[I know that the orthodox church was the first to split off, right? ]
WRONG! We never split from the authority of Rome because we were never 'under the authority of Rome'. Administratively, what is now known as the Roman Catholic Church did not function as it does now in the first thousand years of Chritianity. The Patriarch of Rome was one of five patriarchates. Because he resided in Rome, which was the capitol of the then known Roman Empire, he had a 'primacy OF HONOR'. He was looked upon as the 'first AMONGST EQUALS' . He never had the so called supremacy over the entire christian church he claims now. Recommend the following website for the Orthodox Catholic view regarding so called 'Papal Primacy' which is really 'papal Supremacy' -http://aggreen.net/peter/st_peter.html
[What keeps them from being catholic?]
Absolutely nothing! We Orthodox, contrary to what the Roman Catholic Church teaches, never left that 'One Holy Catholic and Apostolic Church' mentioned in the Nicean Creed. We are still it in it's original unadulterated form. We have neither added to the faith of the first seven ecumenical councils (like the RCC), nor have we subtracted or changed the faith of that church of the first seven ecumenical councils as both the RCC and the Protestants have. We, more than any other church, best fit the description of St Vincent of Lerins on the definition of what it means to be a Catholic -
A General Rule for distinguishing the Truth of the Catholic Faith from the Falsehood of Heretical Pravity
That we hold that faith which has been believed everywhere, always, by all. For that is truly and in the strictest sense "Catholic," which, as the name itself and the reason of the thing declare, comprehends all universally. This rule we shall observe if we follow universality, antiquity, consent. We shall follow universality if we confess that one faith to be true, which the whole Church throughout the world confesses; antiquity, if we in no wise depart from those interpretations which it is manifest were notoriously held by our holy ancestors and fathers; consent, in like manner, if in antiquity itself we adhere to the consentient definitions and determinations of all, or at the least of almost all priests and doctors.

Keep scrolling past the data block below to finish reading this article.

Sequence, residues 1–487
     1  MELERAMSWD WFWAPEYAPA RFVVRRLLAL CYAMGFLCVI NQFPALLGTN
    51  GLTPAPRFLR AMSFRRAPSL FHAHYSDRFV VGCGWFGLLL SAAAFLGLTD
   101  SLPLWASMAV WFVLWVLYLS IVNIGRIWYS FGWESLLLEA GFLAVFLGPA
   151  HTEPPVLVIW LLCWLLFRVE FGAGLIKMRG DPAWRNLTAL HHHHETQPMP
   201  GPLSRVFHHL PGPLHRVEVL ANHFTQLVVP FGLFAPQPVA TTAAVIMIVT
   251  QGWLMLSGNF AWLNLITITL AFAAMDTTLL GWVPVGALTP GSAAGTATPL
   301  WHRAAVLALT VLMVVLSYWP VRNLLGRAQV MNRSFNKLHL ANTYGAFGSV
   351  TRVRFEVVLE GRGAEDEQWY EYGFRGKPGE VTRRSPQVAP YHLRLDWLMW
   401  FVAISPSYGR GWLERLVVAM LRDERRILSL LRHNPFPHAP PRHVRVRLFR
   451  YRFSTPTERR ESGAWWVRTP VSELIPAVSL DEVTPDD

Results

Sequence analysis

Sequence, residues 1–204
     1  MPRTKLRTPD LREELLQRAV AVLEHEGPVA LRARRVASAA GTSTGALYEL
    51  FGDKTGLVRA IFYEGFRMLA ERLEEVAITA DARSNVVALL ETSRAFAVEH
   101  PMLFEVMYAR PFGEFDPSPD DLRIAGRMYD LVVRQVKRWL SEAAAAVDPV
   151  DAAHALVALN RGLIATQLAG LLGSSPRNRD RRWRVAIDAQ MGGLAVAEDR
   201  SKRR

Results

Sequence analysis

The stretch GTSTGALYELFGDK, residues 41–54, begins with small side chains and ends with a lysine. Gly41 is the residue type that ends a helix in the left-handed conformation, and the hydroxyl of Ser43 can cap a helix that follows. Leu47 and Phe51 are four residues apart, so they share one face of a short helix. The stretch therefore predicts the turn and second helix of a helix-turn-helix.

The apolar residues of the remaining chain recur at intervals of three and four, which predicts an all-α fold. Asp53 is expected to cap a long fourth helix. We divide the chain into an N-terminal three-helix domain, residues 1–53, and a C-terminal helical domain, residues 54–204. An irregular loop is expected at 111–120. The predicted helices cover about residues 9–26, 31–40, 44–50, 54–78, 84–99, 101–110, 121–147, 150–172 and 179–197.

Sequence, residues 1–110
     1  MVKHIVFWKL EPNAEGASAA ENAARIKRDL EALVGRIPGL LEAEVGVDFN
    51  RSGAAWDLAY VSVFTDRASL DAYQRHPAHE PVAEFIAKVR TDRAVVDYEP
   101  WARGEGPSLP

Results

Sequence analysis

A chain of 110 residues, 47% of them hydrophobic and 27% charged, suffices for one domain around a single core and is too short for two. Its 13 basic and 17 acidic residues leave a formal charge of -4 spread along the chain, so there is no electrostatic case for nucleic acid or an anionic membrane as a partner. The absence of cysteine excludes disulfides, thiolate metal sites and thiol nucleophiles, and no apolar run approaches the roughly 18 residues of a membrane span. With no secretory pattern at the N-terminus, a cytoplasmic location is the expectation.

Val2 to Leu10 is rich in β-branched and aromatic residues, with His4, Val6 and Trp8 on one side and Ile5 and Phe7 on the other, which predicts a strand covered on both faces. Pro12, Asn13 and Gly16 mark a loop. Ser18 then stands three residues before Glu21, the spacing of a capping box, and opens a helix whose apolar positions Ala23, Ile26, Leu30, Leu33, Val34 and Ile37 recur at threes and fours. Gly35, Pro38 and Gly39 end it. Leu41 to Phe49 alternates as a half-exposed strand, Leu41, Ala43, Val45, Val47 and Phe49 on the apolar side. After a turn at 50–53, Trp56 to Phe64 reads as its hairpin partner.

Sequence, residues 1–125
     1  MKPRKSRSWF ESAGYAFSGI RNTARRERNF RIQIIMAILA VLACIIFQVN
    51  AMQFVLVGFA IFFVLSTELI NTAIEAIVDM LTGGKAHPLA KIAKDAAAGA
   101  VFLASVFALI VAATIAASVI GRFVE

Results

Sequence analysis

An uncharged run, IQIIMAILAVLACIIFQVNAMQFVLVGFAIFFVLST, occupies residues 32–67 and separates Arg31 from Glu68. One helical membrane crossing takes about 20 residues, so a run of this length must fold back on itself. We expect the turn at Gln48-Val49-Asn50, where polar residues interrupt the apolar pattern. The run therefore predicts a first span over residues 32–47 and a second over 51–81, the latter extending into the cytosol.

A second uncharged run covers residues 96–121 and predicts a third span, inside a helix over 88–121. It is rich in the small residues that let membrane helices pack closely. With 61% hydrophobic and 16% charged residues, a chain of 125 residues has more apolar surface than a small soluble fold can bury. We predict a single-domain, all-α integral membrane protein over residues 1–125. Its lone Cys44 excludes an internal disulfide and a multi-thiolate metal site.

[Do you disagree on any theological issues like the big ones such as Mary, eucharist, confession, icons etc?]
We do not believe in the 'Immaculate Conception' of the Theotokos. Eucharist we receive in 'both' species rather than one. Though we both believe that the bread and wine becomes the body & blood of Christ, we disagree on when and exactly how that happens. We Orthodox see it more as a mystery which needs no exact formula to happen. It is one of God's mysteries. Confession is similiar except our priests don't ask questions like when, where, why, and how many times? God is well aware about what we are confessing. We both have Icons. Orthodox Catholics more so than Roman Catholics.
Hope this helps.